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British destroyers were diverted from the Atlantic. Many older destroyers were withdrawn from convoy routes to support the Norwegian campaign in April and May and then diverted to the English Channel to support the withdrawal from Dunkirk.
By the summer ofBritain faced a serious threat of invasion. Many destroyers were held in the Channel, ready to repel a German invasion. The German submarine base in Lorient, Brittany The completion of Hitler's campaign in Western Europe meant U-boats withdrawn from the Atlantic for the Norwegian campaign now returned to the war on trade.
So at the very time the number of U-boats on patrol in the Atlantic began to increase, the number of escorts available for the convoys was greatly reduced. After the German occupation of Denmark and Norway, Britain occupied Iceland and the Faroe Islandsestablishing bases there and preventing a German takeover. It was in these circumstances that Winston Churchill, who had become Prime Minister on 10 Mayfirst wrote to President Franklin Roosevelt to request the loan of fifty obsolescent US Navy destroyers.
This eventually led to the " Destroyers for Bases Agreement " effectively a sale but portrayed as a loan for political reasonswhich operated in exchange for year leases on certain British bases in NewfoundlandBermuda and the West Indiesa financially advantageous bargain for the United States but militarily beneficial for Britain, since it effectively freed up British military assets to return to Europe.
Kennedy believed that Britain and its allies might actually lose.
The first of these destroyers were only taken over by their British and Canadian crews in September, and all needed to be rearmed and fitted with ASDIC. It was to be many months before these ships contributed to the campaign.
First Happy Time A U-boat shells a merchant ship which has remained afloat after being torpedoed. The early U-boat operations from the French bases were spectacularly successful. U-boat crews became heroes in Germany. From June until Octoberover Allied ships were sunk: The Germans had a handful of very long-range Focke-Wulf Fw Condor aircraft based at Bordeaux and Stavangerwhich were used for reconnaissance. Due to ongoing friction between the Luftwaffe and Kriegsmarine, the primary source of convoy sightings was the U-boats themselves.
Since a submarine's bridge was very close to the water, their range of visual detection was quite limited. The best source proved to be the codebreakers of B-Dienst who had succeeded in deciphering the British Naval Cypher No. In response, the British applied the techniques of operations research to the problem and came up with some counter-intuitive solutions for protecting convoys. They realised that the area of a convoy increased by the square of its perimeter, meaning the same number of ships, using the same number of escorts, was better protected in one convoy than in two.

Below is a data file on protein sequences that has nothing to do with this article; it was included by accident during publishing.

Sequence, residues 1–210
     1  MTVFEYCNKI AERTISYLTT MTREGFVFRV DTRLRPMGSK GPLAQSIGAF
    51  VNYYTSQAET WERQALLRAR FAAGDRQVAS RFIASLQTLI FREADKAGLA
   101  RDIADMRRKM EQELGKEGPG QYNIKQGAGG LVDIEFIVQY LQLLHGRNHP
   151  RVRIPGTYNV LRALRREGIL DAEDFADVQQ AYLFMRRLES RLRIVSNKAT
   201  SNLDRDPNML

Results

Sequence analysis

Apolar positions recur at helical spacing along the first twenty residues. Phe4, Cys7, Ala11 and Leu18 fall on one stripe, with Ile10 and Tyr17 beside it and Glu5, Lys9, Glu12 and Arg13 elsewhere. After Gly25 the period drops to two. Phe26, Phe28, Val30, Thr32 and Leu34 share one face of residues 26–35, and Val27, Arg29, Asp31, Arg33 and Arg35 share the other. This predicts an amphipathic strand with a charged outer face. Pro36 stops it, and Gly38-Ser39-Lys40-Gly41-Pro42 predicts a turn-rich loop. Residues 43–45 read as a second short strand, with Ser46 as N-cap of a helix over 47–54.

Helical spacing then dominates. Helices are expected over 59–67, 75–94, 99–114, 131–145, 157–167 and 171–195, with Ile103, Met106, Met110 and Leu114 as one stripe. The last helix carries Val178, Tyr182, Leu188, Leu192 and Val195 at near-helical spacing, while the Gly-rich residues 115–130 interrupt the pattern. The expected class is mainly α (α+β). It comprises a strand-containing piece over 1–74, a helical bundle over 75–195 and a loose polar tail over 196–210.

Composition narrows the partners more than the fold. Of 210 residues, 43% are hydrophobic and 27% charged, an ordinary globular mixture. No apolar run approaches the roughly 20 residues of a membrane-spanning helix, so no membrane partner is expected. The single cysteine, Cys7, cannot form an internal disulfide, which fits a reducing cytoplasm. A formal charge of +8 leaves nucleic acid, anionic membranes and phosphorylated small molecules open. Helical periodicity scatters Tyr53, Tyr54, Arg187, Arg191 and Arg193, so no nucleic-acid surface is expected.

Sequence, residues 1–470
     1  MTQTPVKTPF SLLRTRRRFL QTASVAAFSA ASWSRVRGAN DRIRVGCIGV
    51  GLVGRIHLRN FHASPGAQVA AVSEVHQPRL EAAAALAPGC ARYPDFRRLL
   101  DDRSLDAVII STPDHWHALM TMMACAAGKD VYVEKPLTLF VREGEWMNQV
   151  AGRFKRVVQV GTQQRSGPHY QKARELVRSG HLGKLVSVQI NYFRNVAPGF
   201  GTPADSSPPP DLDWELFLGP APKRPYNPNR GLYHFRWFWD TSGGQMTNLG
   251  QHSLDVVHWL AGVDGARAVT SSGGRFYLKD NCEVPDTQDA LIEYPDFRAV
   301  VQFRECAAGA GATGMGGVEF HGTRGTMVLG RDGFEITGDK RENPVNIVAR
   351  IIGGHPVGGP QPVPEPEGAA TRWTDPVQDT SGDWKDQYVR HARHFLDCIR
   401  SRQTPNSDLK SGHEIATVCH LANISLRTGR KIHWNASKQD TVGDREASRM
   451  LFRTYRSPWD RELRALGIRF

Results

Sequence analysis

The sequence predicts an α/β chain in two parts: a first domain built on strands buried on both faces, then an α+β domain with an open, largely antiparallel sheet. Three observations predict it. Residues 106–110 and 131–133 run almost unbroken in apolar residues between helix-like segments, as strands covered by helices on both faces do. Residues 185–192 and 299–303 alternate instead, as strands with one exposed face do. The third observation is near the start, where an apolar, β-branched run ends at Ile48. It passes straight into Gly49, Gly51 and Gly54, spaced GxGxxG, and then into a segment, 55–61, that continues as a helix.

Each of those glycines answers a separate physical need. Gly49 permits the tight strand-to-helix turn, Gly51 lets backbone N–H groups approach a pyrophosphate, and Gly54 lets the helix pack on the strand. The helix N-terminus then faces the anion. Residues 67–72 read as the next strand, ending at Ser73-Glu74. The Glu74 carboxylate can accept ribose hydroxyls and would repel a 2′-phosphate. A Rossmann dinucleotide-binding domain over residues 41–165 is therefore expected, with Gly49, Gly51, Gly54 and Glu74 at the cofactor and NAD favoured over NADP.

A large convoy was as difficult to locate as a small one. Moreover, reduced frequency also reduced the chances of detection, as fewer large convoys could carry the same amount of cargo, while large convoys take longer to assemble. Therefore, a few large convoys with apparently few escorts were safer than many small convoys with a higher ratio of escorts to merchantmen. Instead of attacking the Allied convoys singly, U-boats were directed to work in wolf packs Rudel coordinated by radio.
The boats spread out into a long patrol line that bisected the path of the Allied convoy routes. Once in position, the crew studied the horizon through binoculars looking for masts or smoke, or used hydrophones to pick up propeller noises.
When one boat sighted a convoy, it would report the sighting to U-boat headquartersshadowing and continuing to report as needed until other boats arrived, typically at night. Instead of being faced by single submarines, the convoy escorts then had to cope with groups of up to half a dozen U-boats attacking simultaneously. The most daring commanders, such as Kretschmer, penetrated the escort screen and attacked from within the columns of merchantmen.
In truth, it had little money, and it seems to have opted to maintain the cultural status quo and the image of Empire rather than offer wide-ranged assistance to its working poor or a strong defence force for any national emergency. Here I go on my high horse!
There are aspects of government that suggest a thorough and pretty competent preparation for the conflict on the Home Front. Maybe the civilian population was more successfully marshalled than the armed forces.